Myspace + Design: Getting its Sexy Back?

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Can design effect experience?

If you’ve been following rednow at all, you’ll know that we are deeply interested in the space where story, art, and/or design has the ability to shift or change perspective. While design leaves its mark throughout culture, it has made a significant impact on our society through the world of social media – more precisely, on the design of the interaction, function, and overall social media experience. Design has a greater audience than ever before thanks to this medium. This is largely due to the fact that social media is becoming increasingly more constant and intimate through access to technology and interaction design… i.e. When was the last time you looked at your phone?

The ability for interaction design to create an experience that is unique, intuitive, fun, attractive, and addictive is staggering and worthy of further exploration. It would be hard to  have a conversation about design and social experience without mentioning Myspace. In 2003, Myspace was obviously one of the early juggernauts of the social media explosion. But once thought to be an untouchable force of social interaction, its lack of design control and vision caused it to wither on the vine as fast as it rose to stardom. Now in its next phase, Myspace has done three things that seem fairly remarkable. First, it has decided to stay entertainment-focused and interact with other platforms. Second, it’s using the celebrity brand power of co-owner Justin Timberlake to raise awareness. Lastly, and most important, it is implementing a complete redesign that totally erases the old aesthetic from one’s memory.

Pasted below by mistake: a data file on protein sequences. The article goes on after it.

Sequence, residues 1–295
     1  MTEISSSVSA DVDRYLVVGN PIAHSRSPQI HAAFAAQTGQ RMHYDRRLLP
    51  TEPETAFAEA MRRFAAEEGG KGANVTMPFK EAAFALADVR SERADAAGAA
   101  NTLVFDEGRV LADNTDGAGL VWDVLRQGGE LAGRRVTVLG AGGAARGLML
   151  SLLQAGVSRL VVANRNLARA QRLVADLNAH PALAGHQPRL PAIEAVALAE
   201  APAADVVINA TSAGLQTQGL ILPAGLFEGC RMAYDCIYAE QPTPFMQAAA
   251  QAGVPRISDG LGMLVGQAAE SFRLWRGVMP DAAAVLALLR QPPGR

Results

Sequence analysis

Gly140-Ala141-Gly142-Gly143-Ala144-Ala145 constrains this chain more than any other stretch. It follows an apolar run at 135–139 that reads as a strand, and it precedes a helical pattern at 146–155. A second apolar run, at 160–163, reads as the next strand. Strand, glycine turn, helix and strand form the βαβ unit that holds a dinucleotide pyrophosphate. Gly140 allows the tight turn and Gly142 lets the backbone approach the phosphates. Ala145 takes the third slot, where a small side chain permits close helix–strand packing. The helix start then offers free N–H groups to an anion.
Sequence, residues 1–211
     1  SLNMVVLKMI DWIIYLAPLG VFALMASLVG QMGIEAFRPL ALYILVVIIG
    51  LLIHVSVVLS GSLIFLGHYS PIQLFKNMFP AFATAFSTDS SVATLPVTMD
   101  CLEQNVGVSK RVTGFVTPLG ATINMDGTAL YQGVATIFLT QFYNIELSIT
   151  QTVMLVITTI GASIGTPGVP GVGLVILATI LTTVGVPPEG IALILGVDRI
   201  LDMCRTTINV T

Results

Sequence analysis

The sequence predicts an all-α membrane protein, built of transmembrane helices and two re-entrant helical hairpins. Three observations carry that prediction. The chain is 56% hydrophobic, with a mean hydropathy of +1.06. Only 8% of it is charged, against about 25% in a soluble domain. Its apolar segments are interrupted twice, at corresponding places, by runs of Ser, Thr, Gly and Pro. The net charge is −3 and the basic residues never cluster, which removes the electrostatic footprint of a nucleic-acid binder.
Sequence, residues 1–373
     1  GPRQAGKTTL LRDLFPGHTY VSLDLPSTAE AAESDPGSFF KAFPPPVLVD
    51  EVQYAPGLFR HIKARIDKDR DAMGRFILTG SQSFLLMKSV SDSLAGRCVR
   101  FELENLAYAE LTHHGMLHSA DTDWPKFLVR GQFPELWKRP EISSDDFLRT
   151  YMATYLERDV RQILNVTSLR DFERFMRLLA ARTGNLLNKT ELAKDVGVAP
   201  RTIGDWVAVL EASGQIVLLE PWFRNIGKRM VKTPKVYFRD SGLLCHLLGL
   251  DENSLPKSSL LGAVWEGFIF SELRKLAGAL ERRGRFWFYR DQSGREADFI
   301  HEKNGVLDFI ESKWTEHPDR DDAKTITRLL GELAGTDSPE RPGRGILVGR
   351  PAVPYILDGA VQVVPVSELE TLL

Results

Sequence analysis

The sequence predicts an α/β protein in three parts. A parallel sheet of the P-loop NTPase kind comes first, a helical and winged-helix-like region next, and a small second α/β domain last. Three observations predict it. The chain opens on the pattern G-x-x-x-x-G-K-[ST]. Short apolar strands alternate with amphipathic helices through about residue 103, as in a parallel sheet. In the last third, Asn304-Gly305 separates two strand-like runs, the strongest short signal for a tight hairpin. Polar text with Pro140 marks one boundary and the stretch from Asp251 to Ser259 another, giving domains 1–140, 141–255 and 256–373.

Whether you’re a fan of Justin Timberlake or not, his presence alone will change many opinions of this faltering online destination (an intriguing discussion in and of itself). The redesign, however, has the potential to completely silence the naysayers and lure past users and others looking for a new experience. This intrigues us. More specifically, it captures how we as people are attracted to beauty, simplicity, and individuality (a frequent exploration here). The sites that have kept the most users and have lasted the longest understand how to use design to create a relationship with their user base and grow with them. As the market continues to get more crowded, it will shift more and more to simpler, easier, more beautifully designed experiences. This video is an invitation to change your perspective on what Myspace can do as it lures us with the promise of a beautiful experience.

As we watch this online community be redesigned from the ground up, we will be able to see how much design can make a difference in a re-launch. If the site’s design and interaction is actually anything like the video, Myspace could be back in the conversation. The question remains, however… Does the refresh shift you?